(All Album Reviews by Chuck AzEee!)
Miles' 60's quintet had run its course, as Miles being influenced by the politics and music of the turbulent Sixties, wanted to produce music that the mass public would be into. Miles was on top of the world, he had the greatest set of musicians at his side: tenor sax great Wayne Shorter, pianist Herbie Hancock, bassist Ron Carter and wunderkid drummer, Tony Williams.
All whom were formidable writers as well as extremely ambitious. But Miles was becoming restless with the direction that this great band was heading so in 1966, Miles began experimenting with the bands sound adding guitarist Joe Beck to the sessions of the renounced "Circle In The Round". On "Circle In The Round", Herbie played a Celeste throughout which gave the song an eerie, psychedelic tinge to it that would have floated away had it not been for Tony Williams holding down the song.
A couple of years later, Miles would recruit, a then unknown George Benson, and record a few tracks (but only one would make it on to the Miles In The Sky album). Miles, now had this vision of having Ron and Herbie play their electric counterparts, but at the time it was great, but still lacked fire, so Miles recruited the innovative keyboardist, Josef Zawinul to provide ambience to the quartet's music. But due to his commitment to Cannonball Adderley, Zawinul, moonlighted off and on, so Miles recruited the great Chick Corea, whom doubled with Herbie and fit like a glove.
All seemed well, but Tony and Ron were becoming restless, Tony wanting to branch out on his own, and Ron, a Jazz man was taken aback by the direction Miles was heading, so Miles hired a youngster from England named Dave Holland, who was a classicly trained cellist that was causing a stir with his magnificent Mingus-like bass work, and unlike Ron (whom would rarely play the electric bass afterwards) was a big fan of Jack Bruce, was one of the first true giants of the jazz electric bass (although he would forsake it as well).
During the latter part of 1969, Tony and Ron had both left, and Miles had hired Jack DeJohnette as drummer, and it is here that Miles' greatest Fusion band (Miles, Shorter, Corea, Holland and DeJohnette) came to fruition. Miles also had in his vision that Wayne begin playing the soprano more as it would fit the timbre of electric work more than the Tenor would. An unprecedented move, Wayne would become the leading innovator and the greatest Soprano saxophonist of the Fusion era.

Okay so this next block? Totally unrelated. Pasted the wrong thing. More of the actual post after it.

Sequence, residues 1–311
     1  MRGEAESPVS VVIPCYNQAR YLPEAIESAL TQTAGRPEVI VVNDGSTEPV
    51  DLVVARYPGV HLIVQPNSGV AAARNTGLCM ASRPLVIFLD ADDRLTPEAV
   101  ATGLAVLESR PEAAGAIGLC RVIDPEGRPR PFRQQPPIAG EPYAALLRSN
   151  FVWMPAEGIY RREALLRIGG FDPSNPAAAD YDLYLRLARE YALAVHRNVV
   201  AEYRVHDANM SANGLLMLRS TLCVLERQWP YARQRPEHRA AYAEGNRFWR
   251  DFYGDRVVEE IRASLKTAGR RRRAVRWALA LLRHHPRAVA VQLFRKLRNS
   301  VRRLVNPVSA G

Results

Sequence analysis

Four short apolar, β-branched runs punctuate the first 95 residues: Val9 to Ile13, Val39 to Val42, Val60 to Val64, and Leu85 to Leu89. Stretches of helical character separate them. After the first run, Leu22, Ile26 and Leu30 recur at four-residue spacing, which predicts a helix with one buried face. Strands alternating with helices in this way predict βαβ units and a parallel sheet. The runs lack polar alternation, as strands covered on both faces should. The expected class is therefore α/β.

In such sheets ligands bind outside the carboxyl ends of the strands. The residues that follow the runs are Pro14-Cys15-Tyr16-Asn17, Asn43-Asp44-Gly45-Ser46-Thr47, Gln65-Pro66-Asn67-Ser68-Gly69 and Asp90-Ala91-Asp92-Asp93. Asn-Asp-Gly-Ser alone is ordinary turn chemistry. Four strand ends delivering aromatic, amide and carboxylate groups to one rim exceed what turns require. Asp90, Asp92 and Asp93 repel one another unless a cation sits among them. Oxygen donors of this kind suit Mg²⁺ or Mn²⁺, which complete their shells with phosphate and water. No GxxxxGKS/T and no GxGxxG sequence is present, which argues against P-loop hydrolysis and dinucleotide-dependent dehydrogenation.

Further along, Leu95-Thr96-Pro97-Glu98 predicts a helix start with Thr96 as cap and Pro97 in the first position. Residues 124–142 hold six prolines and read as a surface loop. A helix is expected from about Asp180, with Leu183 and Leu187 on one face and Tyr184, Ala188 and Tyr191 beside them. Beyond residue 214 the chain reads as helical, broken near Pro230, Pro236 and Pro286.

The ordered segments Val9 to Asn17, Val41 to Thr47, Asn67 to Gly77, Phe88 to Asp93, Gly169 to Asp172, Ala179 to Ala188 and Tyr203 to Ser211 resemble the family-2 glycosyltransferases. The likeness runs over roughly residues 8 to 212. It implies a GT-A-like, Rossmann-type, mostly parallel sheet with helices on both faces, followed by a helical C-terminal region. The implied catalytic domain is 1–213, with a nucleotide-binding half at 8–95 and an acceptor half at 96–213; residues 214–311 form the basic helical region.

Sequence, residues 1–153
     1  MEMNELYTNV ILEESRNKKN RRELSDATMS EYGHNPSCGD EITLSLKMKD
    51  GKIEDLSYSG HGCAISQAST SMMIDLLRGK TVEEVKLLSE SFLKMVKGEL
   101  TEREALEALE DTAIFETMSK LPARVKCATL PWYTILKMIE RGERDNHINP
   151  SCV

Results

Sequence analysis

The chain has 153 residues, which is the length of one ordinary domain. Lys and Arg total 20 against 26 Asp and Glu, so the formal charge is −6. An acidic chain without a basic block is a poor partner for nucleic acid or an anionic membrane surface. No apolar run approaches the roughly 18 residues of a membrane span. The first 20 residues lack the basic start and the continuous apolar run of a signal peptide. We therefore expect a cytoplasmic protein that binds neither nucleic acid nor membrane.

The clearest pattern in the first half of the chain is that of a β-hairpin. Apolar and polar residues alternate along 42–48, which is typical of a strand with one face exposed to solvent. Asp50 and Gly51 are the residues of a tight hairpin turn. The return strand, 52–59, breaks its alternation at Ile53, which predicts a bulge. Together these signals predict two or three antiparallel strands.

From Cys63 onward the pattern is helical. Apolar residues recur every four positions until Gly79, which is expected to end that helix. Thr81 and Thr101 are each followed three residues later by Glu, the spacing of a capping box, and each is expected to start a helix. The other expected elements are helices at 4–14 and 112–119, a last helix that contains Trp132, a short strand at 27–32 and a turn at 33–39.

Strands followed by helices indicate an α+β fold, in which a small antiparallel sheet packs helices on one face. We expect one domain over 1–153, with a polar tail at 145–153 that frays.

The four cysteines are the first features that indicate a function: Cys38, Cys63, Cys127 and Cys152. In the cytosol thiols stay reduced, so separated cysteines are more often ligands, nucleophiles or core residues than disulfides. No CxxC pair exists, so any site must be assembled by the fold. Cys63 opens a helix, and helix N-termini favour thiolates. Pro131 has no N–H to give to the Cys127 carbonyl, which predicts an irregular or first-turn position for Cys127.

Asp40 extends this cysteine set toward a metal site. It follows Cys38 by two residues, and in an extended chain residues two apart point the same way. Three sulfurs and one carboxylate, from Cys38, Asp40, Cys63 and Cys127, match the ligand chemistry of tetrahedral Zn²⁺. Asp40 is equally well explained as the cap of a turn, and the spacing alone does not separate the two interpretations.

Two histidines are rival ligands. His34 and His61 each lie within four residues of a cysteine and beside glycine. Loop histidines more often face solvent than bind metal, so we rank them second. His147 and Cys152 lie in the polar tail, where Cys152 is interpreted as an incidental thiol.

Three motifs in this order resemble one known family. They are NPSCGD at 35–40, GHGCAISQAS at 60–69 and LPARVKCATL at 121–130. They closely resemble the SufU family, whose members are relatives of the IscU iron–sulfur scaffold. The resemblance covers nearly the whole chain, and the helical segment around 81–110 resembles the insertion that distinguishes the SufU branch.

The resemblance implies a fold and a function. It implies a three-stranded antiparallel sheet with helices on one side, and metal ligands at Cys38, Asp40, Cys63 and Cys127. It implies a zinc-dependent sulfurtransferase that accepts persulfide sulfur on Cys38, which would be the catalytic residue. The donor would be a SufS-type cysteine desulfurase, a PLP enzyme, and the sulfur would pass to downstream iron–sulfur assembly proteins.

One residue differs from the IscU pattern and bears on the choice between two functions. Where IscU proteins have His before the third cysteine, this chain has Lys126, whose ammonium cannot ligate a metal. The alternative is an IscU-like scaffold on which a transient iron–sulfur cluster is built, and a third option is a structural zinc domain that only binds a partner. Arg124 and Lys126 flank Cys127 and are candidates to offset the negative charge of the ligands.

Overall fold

For his next project Miles went into the studio with his current five, and augmented the band with Zawinul (now free of his commitment to Cannonball Adderley) organist Larry Young (some say the greatest there ever was on the instrument), electric bassist Harvey Brooks, bass clarinetist Bernie Maupin (whom set the mood with his styling) youngster Lenny White and Charles Alias on drums and Jim Riley on percussion. Oh and by the way can we also mention one of the stars of the session, guitarist John McLauglin, whom became a household name on Bitches Brew with his Hendrix-like fire branding fretwork.
Zawinul's mood piece, "Pharoah Dance" starts of the album and ambiently build momentum it speeds up to a frenetic solo by Mclaughlin before calming down again. The title track is the center piece of the album, with its funk grooves provided effortlessly by Harvey and Dave (whom also solo as well).
"Spanish Key" is another frenetic piece that jams along with Mclaughlin again stealing the spotlight with his great solo. The next track, is written for the star of the album, "John McLaughlin" is a centerpiece for John's guitar, in which Harvey, Miles and Shorter do not play on.
The critics favorite, "Miles Run The Voodoo Down" is earthy and gritty and so heavily percussive, that it sometime drowns out everyone else but Harvey. And the last track and Wayne Shorter's swan song as a member of Miles Davis' group, "Sanctuary" closes off the album in fitting style.
All of the vent up creativity that Miles had went into making this album, and Miles would forever change the facet of music with this album, as it ushered in a new era of bombasiticity within the tight knitted conformity of the Jazz world. To never be undone as the crown jewel of the Jazz-rock era.
A FEW WORDS OF NOTE: It would later be revealed that these sessions had more musicians partake on them, but only these six songs were selected for the album.